Pain Perception - Why Does Your Back Hurt?

4 Theories of Pain Perception

Pain treatments through the millennium started with electrical fish.
Pain treatments through the millennium started with electrical fish.

What makes it so you feel pain? Is there anything other than damage to your tissues that leads you feeling, for example, like a truck ran over you, or experiencing burning pain in your back, hip or legs?

Scientific theories of pain perception go back to the ancients when torpedo fish - which emit an electrical charge as a way of protecting themselves from an attacker - were harnessed for use in early pain management treatments: Headache relief, labor pain and more.

Other theories were fostered through the millennium. Nowadays (in the 20th and 21st centuries), 4 main theories of pain perception have taken root in medical thought. While none have all the answers, each provides some guiding light for development of new pain relief treatments by drug and device companies.

Defining Pain

So what is pain, anyway? I'm sure you have your own definition but in order to talk about it effectively it's probably a good idea to work from a consensus-based understanding. According to the International Association for the Study of Pain (IASP), pain is:

“An unpleasant sensory and emotional experience associated with actual or potential tissue damage, or described in terms of tissue damage.”

Basically IASP's definition says that pain is unpleasant and may or may not be due to actual tissue damage. This definition also says that not only is the pain physical (felt) but there's an emotional component, as well.

Now that we are on the same page about what pain is, let's look at the 4 main schools of thought about how it comes to be felt in your body.

Specificity Theory

Pain, as well as touch are first received by the body as raw stimulus. The specificity theory says that specialized sense organs in your skin, muscles and joints quickly pick up the stimuli and send it to your brain via "pathways" through the nervous system.

Each type of sensation - pain and touch - have their own type of specialized sense organ and their own unique pathway enroute to the brain. The stimulus is sent to your brain for interpretation.

You might think of a pathway as the road traveled in a relay race - where one of several runners pass a baton until a finish line is crossed by the last team member. The analogy goes like this: One nerve along the path is like one of the runners and the baton represents the nerve signal (the stimulus) that gets moved along. When the last runner crosses the finish line represents the nerve impulse reaching a place in the brain that is capable of interpreting its message. In Specificity Theory, each relay team has its own road up to the brain.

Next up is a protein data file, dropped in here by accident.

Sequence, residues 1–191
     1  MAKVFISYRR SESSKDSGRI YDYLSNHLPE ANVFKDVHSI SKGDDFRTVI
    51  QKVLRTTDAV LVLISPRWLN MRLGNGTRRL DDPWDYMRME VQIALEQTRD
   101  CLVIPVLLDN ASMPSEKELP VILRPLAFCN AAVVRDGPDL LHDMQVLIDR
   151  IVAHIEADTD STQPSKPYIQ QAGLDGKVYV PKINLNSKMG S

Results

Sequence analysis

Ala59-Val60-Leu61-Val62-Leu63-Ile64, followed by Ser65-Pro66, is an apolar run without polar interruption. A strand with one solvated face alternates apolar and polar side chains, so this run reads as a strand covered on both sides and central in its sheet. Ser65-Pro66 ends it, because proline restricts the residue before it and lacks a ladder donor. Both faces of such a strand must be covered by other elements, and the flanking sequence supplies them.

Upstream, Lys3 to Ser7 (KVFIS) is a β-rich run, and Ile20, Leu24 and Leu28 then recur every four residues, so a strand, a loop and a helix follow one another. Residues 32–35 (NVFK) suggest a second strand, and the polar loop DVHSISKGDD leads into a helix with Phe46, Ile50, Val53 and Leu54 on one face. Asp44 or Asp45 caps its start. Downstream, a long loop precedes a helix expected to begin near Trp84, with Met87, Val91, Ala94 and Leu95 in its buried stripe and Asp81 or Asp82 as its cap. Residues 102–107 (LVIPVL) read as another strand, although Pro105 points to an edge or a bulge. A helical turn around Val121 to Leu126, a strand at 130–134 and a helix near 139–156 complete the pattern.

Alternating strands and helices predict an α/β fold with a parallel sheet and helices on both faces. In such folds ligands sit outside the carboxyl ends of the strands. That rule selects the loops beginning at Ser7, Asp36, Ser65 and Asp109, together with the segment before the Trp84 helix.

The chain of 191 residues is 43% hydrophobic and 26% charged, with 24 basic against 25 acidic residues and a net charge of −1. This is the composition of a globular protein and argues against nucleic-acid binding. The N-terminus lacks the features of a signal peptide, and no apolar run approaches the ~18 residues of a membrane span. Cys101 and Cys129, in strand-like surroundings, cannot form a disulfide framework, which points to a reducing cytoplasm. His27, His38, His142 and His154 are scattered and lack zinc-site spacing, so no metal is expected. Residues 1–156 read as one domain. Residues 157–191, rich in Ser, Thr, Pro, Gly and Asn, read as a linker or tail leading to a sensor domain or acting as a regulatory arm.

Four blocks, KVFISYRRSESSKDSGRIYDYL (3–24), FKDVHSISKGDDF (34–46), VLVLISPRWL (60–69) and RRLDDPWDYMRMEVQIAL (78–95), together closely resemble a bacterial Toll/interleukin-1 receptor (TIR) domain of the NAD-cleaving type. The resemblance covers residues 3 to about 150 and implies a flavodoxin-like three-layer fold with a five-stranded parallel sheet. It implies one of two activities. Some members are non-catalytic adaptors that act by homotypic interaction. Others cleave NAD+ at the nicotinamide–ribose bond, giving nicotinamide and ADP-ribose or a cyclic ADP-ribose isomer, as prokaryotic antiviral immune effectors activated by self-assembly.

Related:  What is Nerve Pain?

Intensity Theory

The intensity theory discards the idea of distinct pathways of travel for a nerve signal to the brain. Instead, it classifies the stimuli that develops into nerve signals as either low or high threshold, and postulates that the number of impulses in the nerve cells determines how intense that stimulus is.

Once the nerve signals reach the spinal cord, they are encoded according to their degree of intensity. Low level nerve signal activity is interpreted as "innocuous" while higher levels are "understood" by the central nervous system as "noxious."

Pattern Theory of Pain

As the name suggest, the Pattern Theory of Pain is about patterns of nerves that "fire." This theory says that when nerves fire, a sensation results. But what type of sensation - and how intense is it? This is determined by the pattern of the firing, i.e. when, how often and where. When the stimulus is intense, pain is perceived.

The Gate Control Theory of Pain

The Gate Control Theory of Pain is likely the most influential of all modern pain theories. It explains that aspect of pain that doesn't tend to cooperate with the stimulus-reaction model - in other words, many forms of chronic pain, and many pain management practitioners were originally attracted to the Gate Control Theory for this reason. Not only that, but the Gate Control Theory can be structured to explain other types of clinical signs and symptoms as well, according to Davis and Massieh in their 2012 report, "Theories of Pain."

The theory says that a "gate," essentially an area of specialized nerve cells located inside the spinal cord, is either excited or inhibited, depending the type of nerve fiber that relays the signal. A-fibers are large and close this "gate," while C-fibers are small, and open it.

The Gate Control Theory brought together the most accurate data from the Specific and Pattern Theories. Developed in 1965 by Melzack and Wall, it formed the basis for the first dorsal column stimulator, now known as spinal cord stimulation, or neuromodulation, which was introduced in 1967.

Related:  Understand spinal cord stimulation systems.


IASP. IASP Taxonomy. IASP website. Accessed March 2015.

Massieh Moayedi , Karen D. Davis. Theories of Pain: From Specificity to Gate Control. Journal of Neurophysiology Published 1 January 2013 Vol. 109 no. 1, 5-12 DOI: 10.1152/jn.00457.2012

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